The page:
When you sit down to narrate, how do you get yourself in the mindset to do all those voices? How hard is it for you to switch from a male voice, to a female voice in one sitting?
I often start to hear a character's voice during a first read.  It has a lot to do with the character herself; I don't feel like I make all that many decisions.  The writer is the creator, and ultimately I am trying to breathe life into these individuals whom she knows far more intimately than I.  So I always begin with the writer's intent (same for theater or film acting--the words are the thing.)  Then I start to make more specific decisions based on what I understand of the character, maybe consider who I would cast in the film version of the story and why.  In the case of  "To Touch a Thief," I heard Everly as a quirkier version of myself, Jane I instantly recognized as a character from a tv show I used to love to hate (to love), Mitch reminded me of a boy from college, and Parker had to be able to seduce anything and anyone.  This is how characters begins to grow, and take on lives of their own.  Suddenly I know how they would act in various situations, and it all flows very naturally.  In the best of circumstances, the writer feels like I have both understood his characters, and elevated them to even greater life.  
When it comes to recording, I have a rather practical trick: I underline each character's dialogue in a dedicated color, so I know visually in advance if a shift is coming up.

Your voice is obviously quite valuable. Is there anything special that you need to do to protect it, such as voice exercise or days of rest?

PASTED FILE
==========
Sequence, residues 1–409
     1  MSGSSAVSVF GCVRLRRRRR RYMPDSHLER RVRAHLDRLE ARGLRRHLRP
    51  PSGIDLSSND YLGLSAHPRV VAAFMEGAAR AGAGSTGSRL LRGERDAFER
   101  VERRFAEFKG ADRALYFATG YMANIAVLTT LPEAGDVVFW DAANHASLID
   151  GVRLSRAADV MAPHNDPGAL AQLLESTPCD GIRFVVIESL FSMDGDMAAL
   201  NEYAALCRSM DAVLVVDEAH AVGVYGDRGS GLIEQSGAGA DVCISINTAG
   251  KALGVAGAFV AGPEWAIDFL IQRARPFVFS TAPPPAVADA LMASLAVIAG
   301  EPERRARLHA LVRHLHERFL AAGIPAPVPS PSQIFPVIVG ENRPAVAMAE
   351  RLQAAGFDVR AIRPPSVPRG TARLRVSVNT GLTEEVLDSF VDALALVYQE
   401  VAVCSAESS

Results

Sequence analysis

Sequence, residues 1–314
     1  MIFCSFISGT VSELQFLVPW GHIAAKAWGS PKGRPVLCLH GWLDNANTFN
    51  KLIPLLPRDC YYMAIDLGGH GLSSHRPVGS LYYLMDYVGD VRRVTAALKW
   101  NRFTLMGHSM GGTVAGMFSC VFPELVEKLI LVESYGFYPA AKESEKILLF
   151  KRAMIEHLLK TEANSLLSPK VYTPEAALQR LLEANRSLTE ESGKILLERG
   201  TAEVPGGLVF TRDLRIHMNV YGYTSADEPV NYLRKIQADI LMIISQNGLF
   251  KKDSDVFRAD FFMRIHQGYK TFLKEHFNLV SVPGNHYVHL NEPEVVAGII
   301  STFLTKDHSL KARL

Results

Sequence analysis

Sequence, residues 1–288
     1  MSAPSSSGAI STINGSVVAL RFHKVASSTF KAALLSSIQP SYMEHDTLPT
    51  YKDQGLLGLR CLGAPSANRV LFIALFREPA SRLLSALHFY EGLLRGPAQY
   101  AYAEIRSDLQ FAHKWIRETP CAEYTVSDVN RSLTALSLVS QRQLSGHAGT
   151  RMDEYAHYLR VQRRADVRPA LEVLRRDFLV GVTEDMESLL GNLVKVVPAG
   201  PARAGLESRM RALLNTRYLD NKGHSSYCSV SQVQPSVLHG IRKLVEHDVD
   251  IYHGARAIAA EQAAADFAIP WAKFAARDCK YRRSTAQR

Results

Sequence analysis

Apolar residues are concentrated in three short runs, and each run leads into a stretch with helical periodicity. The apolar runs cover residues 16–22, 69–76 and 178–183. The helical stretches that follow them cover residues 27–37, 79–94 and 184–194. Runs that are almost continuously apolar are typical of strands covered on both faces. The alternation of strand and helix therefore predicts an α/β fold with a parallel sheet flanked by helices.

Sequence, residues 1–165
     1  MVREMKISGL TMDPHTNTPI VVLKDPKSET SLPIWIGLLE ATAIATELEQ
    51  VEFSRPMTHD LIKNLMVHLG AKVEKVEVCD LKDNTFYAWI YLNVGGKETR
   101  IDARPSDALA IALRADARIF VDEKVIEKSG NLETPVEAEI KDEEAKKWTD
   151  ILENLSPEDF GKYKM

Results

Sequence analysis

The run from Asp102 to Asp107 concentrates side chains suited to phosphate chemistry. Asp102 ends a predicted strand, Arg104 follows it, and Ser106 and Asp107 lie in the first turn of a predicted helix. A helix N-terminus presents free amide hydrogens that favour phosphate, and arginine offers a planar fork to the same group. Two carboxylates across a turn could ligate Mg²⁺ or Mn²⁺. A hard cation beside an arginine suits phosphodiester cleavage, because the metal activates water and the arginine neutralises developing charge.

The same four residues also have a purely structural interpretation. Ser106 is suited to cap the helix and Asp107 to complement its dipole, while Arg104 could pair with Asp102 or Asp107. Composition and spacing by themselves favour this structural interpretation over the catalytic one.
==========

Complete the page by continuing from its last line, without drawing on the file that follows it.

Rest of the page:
I'll do some vocal exercieses before I begin, and keep water or warm tea nearby--but I have found the most important trick is to take breaks.  If I begin to get tired (and continuously speaking is surprisingly exhausting), I'm going to jumble words no matter how hard I try.  I do find myself being a little quieter after a long recording session, though not to preserve my vocal chords--merely because I'm tired of the sound of my own voice!

You work as an actor, a filmmaker, and a video editor.  Do all of these skills help with voiceover?
I work as the voice talent and as the producer on my ACX titles, which means I'm responsible for performing, recording, editing, and mastering the final product.  I think it is the perfect marriage of my acting and editing interests.  For me it's a matter of pride, and really a fulfilling experience, to know the audio has been in my hands from start to finish.  My time, energy, and care is in every part of those recordings.

What drew you to audition for this particular book?
My love of reading absolutely stems from my sixth-grade English teacher introducing me to Agatha Christie.  I was crazy about mysteries, and my mom could hardly keep up with the trips to the mall bookstore required to keep me busy.  I think mysteries are wonderful examples of some of the most engaging storytelling.  This project takes me right back to that early joy of literature.  And Everly is delightful!

You can find Caroline at 

To listen to a sample of To Touch a Thief click on the cover below. Please listen to the sample, and leave a comment. Or, if you have questions for Caroline, she'll stop back a few times today to answer them.

One commenter will win an Audible copy of TTAT. 

Forensic accountant, Jayne Hunt, will do whatever it takes to catch the thief stealing charitable contributions from Steele Management, Inc. - even it means asking Everly Gray and her bothersome ESP fingers for help. 

Parker Steele has a solid, tactical strategy to disrupt Jayne's spreadsheet fixation with his charms, and claim her for his own - until family secrets, a dirty cop, and a dangerous toxin blow his plan to bits and put their lives in imminent danger.